What to See and Do in Guatemala
From the moment of arrival, you’ll notice the people of Guatemala have an obvious kindness about them. They would give you the shirts off their backs if you asked. Some people consider that a surprise, considering that Guatemala is only 21 years out of their civil war.
Antigua, Guatemala (not to be confused with Antigua, the island) a UNESCO World Heritage site, is a unique colonial town famous for its extremely well preserved Spanish Baroque influenced architecture. Surrounded by three awe inspiring volcanoes, Agua, Fuego and Acatenango. Fuego can be seen smoking daily, and on occasions late at night or very early morning, you could be treated to explosions complete with flowing red lava. Don’t worry her touch doesn’t extend to Antigua, just the magical views! If you aren’t content with exploring photogenic, ancient monastic ruins with Volcano Agua as a back drop, people watching in the Central Park while sipping on delicious Guatemalan coffee or eating in one of the many restaurants is fantastic! You could choose to climb Volcano Acatenango one of the more difficult climbs or an easier challenge, Volcano Pacaya, which rests closer to Guatemala City.
About two hours out of Antigua is Lake Atitlán. An absolutely stunning lake that received a pretty spectacular mention from the well-known author Aldous Huxley from his travel book ‘Beyond the Mexique Bay, “Lake Como, it seems to me, touches on the limit of permissibly picturesque, but Atitlán is Como with additional embellishments of several immense volcanoes. It really is too much of a good thing.”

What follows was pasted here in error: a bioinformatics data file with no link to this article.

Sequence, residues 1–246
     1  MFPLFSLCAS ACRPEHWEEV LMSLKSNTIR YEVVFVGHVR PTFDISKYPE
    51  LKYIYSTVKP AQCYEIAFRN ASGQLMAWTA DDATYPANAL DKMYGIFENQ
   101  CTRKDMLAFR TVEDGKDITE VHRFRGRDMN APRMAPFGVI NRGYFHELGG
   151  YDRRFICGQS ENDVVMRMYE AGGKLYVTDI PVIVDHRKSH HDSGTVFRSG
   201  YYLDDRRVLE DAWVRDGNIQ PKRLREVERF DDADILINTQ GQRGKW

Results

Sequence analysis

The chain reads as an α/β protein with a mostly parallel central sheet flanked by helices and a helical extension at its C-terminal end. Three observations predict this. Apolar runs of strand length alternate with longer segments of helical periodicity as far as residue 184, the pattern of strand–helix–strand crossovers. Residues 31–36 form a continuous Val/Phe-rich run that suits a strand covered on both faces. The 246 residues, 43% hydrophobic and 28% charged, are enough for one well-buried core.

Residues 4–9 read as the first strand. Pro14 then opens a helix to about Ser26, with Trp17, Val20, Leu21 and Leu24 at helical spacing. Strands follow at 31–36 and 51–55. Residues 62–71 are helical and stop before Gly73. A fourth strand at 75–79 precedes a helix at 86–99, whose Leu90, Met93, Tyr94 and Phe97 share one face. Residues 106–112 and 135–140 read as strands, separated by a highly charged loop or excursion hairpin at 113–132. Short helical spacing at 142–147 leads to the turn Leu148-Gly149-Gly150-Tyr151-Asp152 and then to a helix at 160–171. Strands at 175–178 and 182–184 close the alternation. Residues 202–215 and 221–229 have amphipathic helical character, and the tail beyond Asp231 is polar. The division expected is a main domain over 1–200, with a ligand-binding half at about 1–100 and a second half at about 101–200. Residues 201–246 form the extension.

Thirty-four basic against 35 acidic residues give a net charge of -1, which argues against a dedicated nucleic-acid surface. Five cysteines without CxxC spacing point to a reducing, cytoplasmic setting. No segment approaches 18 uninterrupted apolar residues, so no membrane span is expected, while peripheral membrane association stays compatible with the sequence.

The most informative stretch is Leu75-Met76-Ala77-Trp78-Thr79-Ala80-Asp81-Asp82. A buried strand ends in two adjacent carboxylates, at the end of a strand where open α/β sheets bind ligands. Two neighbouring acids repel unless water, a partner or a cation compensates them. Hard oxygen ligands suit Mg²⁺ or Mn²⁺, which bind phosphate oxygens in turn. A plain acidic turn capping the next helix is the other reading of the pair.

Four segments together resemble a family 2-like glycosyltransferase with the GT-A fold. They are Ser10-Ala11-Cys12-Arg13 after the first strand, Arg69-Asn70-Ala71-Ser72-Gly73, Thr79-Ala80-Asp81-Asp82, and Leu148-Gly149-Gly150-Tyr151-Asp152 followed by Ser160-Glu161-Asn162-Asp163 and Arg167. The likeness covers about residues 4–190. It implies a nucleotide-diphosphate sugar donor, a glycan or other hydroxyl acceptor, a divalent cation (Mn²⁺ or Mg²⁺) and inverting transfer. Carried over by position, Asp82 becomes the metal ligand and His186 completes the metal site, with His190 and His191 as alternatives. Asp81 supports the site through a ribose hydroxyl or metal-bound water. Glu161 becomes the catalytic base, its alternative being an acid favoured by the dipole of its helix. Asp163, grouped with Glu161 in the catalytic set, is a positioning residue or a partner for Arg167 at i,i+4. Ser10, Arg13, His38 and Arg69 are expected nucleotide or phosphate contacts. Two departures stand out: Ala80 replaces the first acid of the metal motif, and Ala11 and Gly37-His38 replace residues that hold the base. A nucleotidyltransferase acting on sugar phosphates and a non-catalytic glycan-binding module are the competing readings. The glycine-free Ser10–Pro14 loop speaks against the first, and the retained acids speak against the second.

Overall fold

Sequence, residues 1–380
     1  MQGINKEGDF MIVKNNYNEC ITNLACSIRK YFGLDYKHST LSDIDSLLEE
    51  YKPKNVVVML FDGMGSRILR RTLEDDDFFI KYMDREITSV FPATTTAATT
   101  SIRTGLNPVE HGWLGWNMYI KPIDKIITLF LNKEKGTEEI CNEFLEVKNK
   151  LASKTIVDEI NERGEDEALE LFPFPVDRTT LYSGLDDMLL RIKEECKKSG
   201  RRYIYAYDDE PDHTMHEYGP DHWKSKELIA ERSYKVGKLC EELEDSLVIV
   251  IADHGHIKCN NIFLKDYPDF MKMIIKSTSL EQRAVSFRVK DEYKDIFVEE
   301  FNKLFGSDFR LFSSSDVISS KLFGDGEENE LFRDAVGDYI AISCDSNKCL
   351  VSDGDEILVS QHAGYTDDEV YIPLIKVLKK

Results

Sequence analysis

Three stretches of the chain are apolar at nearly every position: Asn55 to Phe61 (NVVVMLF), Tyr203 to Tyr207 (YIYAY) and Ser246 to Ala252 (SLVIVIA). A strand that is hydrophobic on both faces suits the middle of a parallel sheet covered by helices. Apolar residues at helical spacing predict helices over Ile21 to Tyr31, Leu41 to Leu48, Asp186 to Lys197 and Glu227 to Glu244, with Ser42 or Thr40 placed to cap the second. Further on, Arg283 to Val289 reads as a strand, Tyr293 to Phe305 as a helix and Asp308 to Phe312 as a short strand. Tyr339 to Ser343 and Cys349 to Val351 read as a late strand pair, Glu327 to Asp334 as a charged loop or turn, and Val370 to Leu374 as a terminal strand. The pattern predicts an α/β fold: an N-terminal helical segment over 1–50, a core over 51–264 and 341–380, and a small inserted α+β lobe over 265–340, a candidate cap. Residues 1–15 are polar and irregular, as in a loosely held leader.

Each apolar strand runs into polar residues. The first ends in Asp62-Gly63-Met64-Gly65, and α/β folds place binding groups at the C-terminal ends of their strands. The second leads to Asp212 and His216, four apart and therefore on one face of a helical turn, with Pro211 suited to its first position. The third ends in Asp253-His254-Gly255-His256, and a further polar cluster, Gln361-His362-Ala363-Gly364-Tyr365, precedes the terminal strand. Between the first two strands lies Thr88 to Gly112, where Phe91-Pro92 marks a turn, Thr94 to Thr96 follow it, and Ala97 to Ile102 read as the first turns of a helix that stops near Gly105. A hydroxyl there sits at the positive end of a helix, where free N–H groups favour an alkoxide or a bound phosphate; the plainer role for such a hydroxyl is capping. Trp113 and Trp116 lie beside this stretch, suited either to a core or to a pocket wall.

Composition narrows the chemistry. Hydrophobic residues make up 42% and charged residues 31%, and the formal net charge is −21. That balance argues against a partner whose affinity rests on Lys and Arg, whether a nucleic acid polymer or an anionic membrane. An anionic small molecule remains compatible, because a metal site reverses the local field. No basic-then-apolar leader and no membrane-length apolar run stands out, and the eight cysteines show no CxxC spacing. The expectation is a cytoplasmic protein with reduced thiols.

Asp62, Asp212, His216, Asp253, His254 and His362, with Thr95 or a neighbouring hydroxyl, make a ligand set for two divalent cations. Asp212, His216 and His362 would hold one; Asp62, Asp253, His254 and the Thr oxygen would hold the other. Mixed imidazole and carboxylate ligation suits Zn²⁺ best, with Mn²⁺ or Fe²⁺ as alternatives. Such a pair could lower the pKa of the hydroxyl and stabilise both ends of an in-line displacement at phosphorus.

Over night on Lake Atitlán at least once in your life and be treated to the sleeping giants of Volcanoes San Pedro, Atitlán and Tolimán offering you an impressive wake up view.
An absolute must while in Guatemala is to ride through towering canyons encrusted in jungle, by boat. You’ll drink in the steamy atmosphere where Mayan temples sit surrounded by the howls of monkeys, chirps of toucans and the silence of days gone by. The departments of Izabal and Petén are a highlight for everyone from the adventurous to the faint of heart!
In Izabal let the warm air catch you as you speed down the Rio Dulce and into the canyon, which will lead you to the Caribbean culture of Livingston. Finish the day with a local dish of Tapado, which is a seafood explosion cooked in coconut milk, delicious and messy all at once. And don’t forget about the secret hot waterfall to relax and take consciousness away!
The department of Petén, which borders Mexico and Belize becomes more lush with dense jungle surrounding the archaeological site of Tikal. An early morning entry to the park ensures that you will be all alone in your exploration. Or will you? Spider monkeys, howler monkeys, jaguars, ocelots and toucans inhabit the sixteen square kilometres that includes approximately 3000 structures! We always recommend a local guide, lots of water and some good walking shoes. And of course your camera, just in case that shy jaguar does walk by!
We have only scratched the surface of this beautiful, diverse and culture rich country. You could easily spend weeks in Guatemala and still have more to explore. By joining our groups to Guatemala you are able to see all the highlights using your time most effectively.